3 out of 5 stars | Goodreads
This one was quite hard to rate and review. It’s been pretty popular amongst my Goodreads friends – more so than I imagined in fact. And whilst I enjoyed it, helped along by Oliver’s fluid writing style, it was just so predictable.
Please bear in mind that from here on until the next bold text, the review will contain spoilers.
Maybe this isn’t going to be so much a review as a commentary on the state of YA fiction. Lena is a ‘plain’, average girl in this dystopian world. So from the get go, she’s already a sort of Mary Sue – in fact I don’t remember any description of her appearance apart from her eyes being muddy brown. And of course, her best friend is a super beautiful blonde goddess. As soon as the fact that Lena was terrified of the idea of love was introduced, I knew she would end up falling for someone. And as soon as Alex made his first appearance in the lab, it was obviously going to be him.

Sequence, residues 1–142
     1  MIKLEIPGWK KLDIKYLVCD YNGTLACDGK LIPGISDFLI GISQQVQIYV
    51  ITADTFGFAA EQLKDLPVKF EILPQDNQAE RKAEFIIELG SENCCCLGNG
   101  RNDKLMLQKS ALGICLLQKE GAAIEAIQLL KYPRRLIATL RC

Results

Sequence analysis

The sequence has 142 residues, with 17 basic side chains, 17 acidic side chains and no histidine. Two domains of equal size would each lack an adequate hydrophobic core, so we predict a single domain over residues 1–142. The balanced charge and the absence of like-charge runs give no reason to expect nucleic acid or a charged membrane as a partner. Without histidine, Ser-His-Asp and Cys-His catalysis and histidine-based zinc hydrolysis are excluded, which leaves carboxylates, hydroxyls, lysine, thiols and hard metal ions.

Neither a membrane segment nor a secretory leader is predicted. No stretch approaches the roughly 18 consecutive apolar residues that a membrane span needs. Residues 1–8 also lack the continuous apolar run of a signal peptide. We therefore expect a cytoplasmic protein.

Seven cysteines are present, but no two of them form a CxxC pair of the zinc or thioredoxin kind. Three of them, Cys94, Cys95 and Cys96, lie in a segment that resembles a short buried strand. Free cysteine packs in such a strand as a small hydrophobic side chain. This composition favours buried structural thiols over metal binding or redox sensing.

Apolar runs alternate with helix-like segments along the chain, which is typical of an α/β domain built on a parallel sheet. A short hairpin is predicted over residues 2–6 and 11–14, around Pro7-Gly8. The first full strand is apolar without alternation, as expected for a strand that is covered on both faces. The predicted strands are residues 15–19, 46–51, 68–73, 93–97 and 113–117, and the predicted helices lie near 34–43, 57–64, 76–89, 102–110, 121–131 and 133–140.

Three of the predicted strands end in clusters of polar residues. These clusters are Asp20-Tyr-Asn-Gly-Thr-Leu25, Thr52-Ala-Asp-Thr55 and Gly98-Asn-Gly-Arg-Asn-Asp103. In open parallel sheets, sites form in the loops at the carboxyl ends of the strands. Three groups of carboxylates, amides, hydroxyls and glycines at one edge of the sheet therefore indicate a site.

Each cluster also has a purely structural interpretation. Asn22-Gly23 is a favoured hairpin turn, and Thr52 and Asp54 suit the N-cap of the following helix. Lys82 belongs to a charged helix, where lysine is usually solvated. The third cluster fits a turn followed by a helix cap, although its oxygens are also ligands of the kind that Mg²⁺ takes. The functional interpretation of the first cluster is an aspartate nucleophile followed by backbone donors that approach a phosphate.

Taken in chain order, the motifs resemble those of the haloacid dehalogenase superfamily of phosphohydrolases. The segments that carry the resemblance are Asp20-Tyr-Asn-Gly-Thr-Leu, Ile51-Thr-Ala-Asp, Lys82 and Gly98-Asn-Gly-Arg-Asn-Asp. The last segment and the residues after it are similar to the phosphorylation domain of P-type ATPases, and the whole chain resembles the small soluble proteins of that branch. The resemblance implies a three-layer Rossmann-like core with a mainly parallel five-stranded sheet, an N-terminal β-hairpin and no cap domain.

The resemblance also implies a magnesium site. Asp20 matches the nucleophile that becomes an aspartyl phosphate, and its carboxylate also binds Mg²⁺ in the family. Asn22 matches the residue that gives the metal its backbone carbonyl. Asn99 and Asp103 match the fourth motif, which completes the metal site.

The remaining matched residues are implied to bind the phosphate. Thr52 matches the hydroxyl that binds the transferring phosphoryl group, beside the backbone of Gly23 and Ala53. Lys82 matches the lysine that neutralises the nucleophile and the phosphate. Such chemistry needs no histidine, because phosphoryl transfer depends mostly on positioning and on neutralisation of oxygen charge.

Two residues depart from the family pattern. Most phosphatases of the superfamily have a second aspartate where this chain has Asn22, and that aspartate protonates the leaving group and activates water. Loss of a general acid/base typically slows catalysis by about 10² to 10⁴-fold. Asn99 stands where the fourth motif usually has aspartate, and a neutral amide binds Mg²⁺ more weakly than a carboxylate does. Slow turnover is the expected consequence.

There were so many predictable elements to the story that crop up far too often in YA fiction. Of course, this being a book where the main theme is love (even though love is illegal), I suppose it was hard to avoid some of the typical YA features since they more often than not involve romance.
But it has to be said, that Oliver also manages to throw in a few not so predictable elements, particularly in the last third of so of the book. I was not expecting that ending, so kudos to her for that!
One thing that was definitely lacking was the reasoning behind why people were so scared of the ‘disease’. Why was there all this sudden paranoia over the side effects? When did people decide that love was a disease and not just a natural state? Perhaps this is expanded on in the next book but it really would have been good in this one.
The whole idea with love being a disease was an interesting one though. The book had a definite ‘Big Brother’ feel to it, with citizens frequently being monitored, anyone suspected of being in love taken away to be ‘cured’ or locked up.
Whilst I enjoyed this book overall, I won’t go out of my way to read the second book but if I spot it in the library I’ll probably check it out.